Tag Archives: AARP

Prospects for Millennials: What’s Wrong and What Can Be Done

Last month’s National Academy of Social Insurance conference highlighted the grim world Millennials are inheriting. It also gave a platform to some creative solutions that include expanding and creating new social insurance programs. Example: Universal Family Care.

As someone who researches and writes about history, I’m naturally skeptical of the concept of generations. For the most part, “generations” are arbitrary categories that lump together groups of people whose experiences of life are starkly different, muddling our ability to decide the best policies—and politics—for society as a whole.

For “Millennials,” however, I’m inclined to make an exception. The National Academy of Social Insurance made “Regenerating Social Insurance for Millennials and the Millennium” the theme of its annual policy conference at the end of January, and the event made a strong case that this is one generation with distinct needs and a distinct profile.

On the surface, Millennials are still a vastly disparate group. They are the most diverse cohort, ethnically, in American history, Jean Accius, vice president at AARP Public Policy Institute, pointed out in the conference’s opening panel—and this at a time when income and life prospects between racial groups in the U.S. are diverging. But the Academy framed its definition of Millennials—individuals born between 1980 and 2000—in a different and very useful way. What marks them, and colors their lives profoundly, Continue reading Prospects for Millennials: What’s Wrong and What Can Be Done

Enlisting AARP

Social Security will be under attack again in 2015. The best way for progressives to defend it is to go on the offensive as well, pressing Congress to pass one of the four bills now on the table to expand the program. Getting AARP on board would be a big help—but the giant older-Americans’ organization seems in no hurry.

AARP is by far the largest organization representing older Americans, and the most influential. Traditionally, it’s been reluctant to enter into coalitions with more overtly political groups advocating for seniors, presumably to sustain its image as a non-partisan organization. It’s a delicate balancing act, and not always successful, because no matter how moderate its policy positions, Republicans will always regard AARP as only slightly less evil than, say, the Socialist Workers Party.

With its 39 million members, AARP would be an invaluable ally in a 2015 push to expand Social Security. But an editorial by AARP’s CEO, Jo Ann Jenkins, suggests this is not a priority. Continue reading Enlisting AARP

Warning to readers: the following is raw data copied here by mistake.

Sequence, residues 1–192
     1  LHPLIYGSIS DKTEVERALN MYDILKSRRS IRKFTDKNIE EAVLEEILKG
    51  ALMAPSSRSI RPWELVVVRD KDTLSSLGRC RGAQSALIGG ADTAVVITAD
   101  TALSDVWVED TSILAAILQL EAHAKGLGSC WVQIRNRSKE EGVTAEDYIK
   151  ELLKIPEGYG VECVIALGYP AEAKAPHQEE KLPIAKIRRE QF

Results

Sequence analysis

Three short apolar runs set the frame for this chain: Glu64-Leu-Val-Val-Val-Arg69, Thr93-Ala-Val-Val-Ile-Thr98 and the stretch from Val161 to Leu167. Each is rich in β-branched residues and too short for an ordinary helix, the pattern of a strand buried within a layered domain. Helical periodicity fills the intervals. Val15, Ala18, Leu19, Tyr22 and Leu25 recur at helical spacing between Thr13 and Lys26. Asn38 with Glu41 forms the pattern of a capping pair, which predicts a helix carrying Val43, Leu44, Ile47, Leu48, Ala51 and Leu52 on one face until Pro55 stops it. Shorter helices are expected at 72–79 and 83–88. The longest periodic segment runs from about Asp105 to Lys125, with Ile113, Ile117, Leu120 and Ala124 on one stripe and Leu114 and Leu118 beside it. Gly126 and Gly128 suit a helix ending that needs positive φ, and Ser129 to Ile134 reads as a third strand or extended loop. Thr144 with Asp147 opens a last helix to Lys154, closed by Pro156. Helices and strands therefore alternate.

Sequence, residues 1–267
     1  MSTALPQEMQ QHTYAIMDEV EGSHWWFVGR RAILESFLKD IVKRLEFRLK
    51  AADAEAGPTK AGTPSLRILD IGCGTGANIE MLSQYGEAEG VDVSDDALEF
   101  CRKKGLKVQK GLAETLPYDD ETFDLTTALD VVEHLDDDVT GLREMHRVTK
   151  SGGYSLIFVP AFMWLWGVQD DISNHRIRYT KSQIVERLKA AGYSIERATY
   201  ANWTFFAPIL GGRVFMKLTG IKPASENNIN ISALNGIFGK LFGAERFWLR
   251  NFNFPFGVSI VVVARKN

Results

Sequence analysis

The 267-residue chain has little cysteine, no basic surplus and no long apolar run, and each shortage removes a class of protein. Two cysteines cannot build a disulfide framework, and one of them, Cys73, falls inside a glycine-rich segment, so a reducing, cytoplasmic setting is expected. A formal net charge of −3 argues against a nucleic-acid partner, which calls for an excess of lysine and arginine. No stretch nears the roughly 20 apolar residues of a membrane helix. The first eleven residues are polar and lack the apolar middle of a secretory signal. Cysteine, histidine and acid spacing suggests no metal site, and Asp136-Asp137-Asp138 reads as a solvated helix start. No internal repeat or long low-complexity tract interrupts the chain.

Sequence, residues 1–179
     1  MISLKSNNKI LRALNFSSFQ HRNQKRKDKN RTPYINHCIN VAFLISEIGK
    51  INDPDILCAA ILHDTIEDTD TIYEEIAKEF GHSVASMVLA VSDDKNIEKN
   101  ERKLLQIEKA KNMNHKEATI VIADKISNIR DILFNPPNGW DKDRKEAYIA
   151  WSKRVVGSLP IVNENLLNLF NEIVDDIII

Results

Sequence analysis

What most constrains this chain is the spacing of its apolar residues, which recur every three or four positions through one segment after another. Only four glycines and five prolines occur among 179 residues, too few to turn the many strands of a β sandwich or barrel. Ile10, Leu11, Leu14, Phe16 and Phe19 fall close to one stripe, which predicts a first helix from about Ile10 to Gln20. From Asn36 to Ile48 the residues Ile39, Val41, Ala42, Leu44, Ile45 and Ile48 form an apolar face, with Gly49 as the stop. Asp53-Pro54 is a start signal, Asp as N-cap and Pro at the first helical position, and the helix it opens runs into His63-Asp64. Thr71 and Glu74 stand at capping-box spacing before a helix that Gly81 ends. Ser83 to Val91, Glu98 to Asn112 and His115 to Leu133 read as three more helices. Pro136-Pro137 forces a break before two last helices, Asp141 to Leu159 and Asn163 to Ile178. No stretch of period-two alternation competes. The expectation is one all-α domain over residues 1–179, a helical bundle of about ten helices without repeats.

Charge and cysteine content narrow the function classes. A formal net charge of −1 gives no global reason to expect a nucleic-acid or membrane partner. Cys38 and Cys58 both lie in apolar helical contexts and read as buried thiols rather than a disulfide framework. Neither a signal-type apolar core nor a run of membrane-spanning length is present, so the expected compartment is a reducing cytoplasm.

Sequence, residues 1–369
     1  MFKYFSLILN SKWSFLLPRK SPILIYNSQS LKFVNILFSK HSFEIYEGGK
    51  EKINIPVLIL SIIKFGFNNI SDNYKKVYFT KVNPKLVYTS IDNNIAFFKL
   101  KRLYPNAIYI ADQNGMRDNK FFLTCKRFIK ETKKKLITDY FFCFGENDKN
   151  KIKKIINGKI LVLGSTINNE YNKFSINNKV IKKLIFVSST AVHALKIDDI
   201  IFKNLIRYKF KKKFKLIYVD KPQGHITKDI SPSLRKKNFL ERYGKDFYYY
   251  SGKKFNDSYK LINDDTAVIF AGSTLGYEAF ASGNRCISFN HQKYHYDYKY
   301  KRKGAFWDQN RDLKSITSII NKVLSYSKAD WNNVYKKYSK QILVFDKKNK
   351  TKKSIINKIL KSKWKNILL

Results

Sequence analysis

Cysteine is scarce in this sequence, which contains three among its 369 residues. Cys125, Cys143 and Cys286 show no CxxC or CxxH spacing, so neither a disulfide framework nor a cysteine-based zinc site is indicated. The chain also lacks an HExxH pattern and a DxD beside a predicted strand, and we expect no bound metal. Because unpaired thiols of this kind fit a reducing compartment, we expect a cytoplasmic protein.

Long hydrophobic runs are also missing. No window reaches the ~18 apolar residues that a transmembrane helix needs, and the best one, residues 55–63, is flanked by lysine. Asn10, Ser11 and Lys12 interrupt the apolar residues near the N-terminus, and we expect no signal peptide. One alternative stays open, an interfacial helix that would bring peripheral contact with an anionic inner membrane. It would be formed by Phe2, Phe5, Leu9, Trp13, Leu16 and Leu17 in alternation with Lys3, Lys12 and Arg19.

Jon Cowan: Once Again, Ginning Up Faux Youth Outrage

Coming soon: a new pressure group called “The Can Kicks Back,” which aims to turn younger Americans into an anti-deficit avenging army. It will surely attempt to play a role in the post-election talks surrounding the “fiscal cliff.” This offensive bears a slight odor of deja vu, however, because one of its organizers is Jonathan Cowan, who 20 years ago attempted to recruit Gen Xers in a similar campaign propelled by a brash, ultimately buffoonish group called Lead … Or Leave.

Today, Jon Cowan is the president of Third Way, which calls itself “the nation’s leading centrist policy institution” and is certainly one of the most prominent center-right pressure groups in Washington. Its board of trustees reads like a Who’s Who of Wall Street, hedge fund and real estate barons and it enjoys privileged access to Continue reading Jon Cowan: Once Again, Ginning Up Faux Youth Outrage

Has Social Security (Ever) Been “Raided”?

Social Security is always being raided. And some brave person – typically an elected official or someone aspiring to be – is always vowing to stop this outrage before our retirement system is drained to the dregs. That’s just how it is in mad-as-hell America, where righteous indignation comes slickly packaged and accurately defining one’s terms is an unnecessary formality.

“Don’t raid Social Security to reduce nation’s deficit,” pleads the AARP. Meanwhile, right-wing gold bugs are warning us that a “huge pot of U.S. Social Security money” is “vulnerable to being tapped by illegal alien workers.” And over on Capitol Hill, intrepid Sen. Jim DeMint promotes a “Stop the Raid” amendment, protesting that “It’s time for politicians to stop stealing from our seniors to secretly finance trillions in wasteful Washington spending.”

The Great Social Security Raid has become the Sasquatch of American politics: Continue reading Has Social Security (Ever) Been “Raided”?